Before the 1990s it was not unusual for someone to work more than 30 years for one employer. We use to make fun of the fact that they would receive a gold watch at their retirement party. I think it’s ironic that today many of us don’t even wear a watch, we check our cell phone or Fitbit if we want to know what time it is.

Talk to a millennial and the idea of working for one employer for more than a decade is definitely the exception and not the norm. My dad’s gold watch is something you see in the Smithsonian Museum with 8-tracks and electric typewriters. As I speak with baby boomers that have worked at one place for more than 20 years they often apologize for staying with one employer for so long. Potential employers are concerned that it shows a lack of ambition. Unless I regularly advanced within my organization, your perceived “dedication” can be viewed as a negative trait when looking for a new job.

I can guarantee you that some hiring managers are thinking this: If you stayed with an employer for more than 20 years, then what has happened now that you finally decided to make a change? Have your talents become obsolete and you’re afraid they’re going to kick you to the curb? Your new boss is 20 years younger than you and you don’t like the idea of working for someone the same age as your son or daughter? You see the writing on the wall and you’re afraid you’ll be a victim of the next layoff?

I’m sorry to report that age discrimination is alive and well in the job market. The idea of loyalty and dedication to one employer is no longer viewed as an asset. If anything, potential employers are suspicious that you’re in trouble and you’re running away from something instead of running to something.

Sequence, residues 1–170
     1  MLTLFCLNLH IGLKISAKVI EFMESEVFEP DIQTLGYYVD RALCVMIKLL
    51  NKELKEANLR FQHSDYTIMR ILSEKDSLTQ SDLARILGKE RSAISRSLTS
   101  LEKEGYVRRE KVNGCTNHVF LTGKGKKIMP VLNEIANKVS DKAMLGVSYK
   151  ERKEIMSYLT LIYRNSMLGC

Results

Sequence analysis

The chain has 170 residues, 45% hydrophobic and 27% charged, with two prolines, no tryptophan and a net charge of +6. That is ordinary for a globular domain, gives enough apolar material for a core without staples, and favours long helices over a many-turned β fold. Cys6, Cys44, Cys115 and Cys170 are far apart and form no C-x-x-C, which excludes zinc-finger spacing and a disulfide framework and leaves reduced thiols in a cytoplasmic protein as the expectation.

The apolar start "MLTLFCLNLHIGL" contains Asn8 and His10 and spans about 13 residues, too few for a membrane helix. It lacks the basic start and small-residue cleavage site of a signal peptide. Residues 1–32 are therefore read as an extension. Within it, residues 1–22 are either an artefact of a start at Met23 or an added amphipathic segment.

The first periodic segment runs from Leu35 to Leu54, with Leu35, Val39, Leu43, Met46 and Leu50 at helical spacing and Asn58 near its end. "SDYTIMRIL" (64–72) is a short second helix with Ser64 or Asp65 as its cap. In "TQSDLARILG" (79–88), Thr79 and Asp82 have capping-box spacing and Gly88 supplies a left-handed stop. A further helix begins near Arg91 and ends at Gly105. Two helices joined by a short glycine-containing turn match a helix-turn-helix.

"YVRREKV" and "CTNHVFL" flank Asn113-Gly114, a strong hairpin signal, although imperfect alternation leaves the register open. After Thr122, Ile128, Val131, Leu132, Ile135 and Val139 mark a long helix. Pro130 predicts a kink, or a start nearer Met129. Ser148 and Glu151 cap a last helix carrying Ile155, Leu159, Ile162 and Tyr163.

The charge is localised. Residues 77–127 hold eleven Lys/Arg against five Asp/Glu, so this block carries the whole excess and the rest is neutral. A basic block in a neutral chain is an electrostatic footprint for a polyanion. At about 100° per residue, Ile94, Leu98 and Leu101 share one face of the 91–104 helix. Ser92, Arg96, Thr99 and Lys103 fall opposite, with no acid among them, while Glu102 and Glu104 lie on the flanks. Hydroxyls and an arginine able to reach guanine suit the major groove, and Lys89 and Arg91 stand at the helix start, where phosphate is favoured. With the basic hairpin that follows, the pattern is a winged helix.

Here’s my advice:

It’s all about the future. Your new employer wants to know how you’re going to help them be successful in the future. When I was working for Occidental Petroleum, a manager needed an engineer with at least five years of experience, and I found him several great candidates. The individual I thought was the strongest candidate was at the bottom of this hiring manager’s list and I asked him why. He said he didn’t have enough experience. I disagreed and pointed out the years of experience on the candidate’s resume. The hiring manager’s response was, “No, this candidate doesn’t have five years of experience. He has one year of experience five times.” I suddenly realized that just because you’ve done something for an extended period of time it doesn’t necessarily mean you’ve done it well.

If you have stayed with one employer for more than 10 years, then you need to convince your new employer how the skills you’ve acquired are going to help that organization be successful in the future. It’s nice to hear about your past accomplishments, but you need to paint a picture that demonstrates how those skills will benefit your new employer. It’s a polite way of asking, “So what have you done for me lately?”

The good news is I have seen people make successful career transitions beyond the age of 50. As you prepare for your next job interview, think about how your skills and experience are relevant going forward. You’re past accomplishments are important only as they relate to meeting tomorrow’s challenges. Do your homework and ensure you have a clear understanding of how your skills will benefit your employer.

It’s not about how long you’ve stayed in one place; it’s about the skills you’ve acquired that make you a valuable asset to future employers. Instead of a gold watch, I would appreciate free internet service for the rest of my life. Now, that’s a great retirement gift.

Bill Kaminski is president of Stone Associates Training. He is an HR consultant with 35 years of experience in the employment field, teaching managers the art of hiring great employees. Bill is also an adjunct instructor at Keuka College. You can contact Bill with questions, suggestions or comments at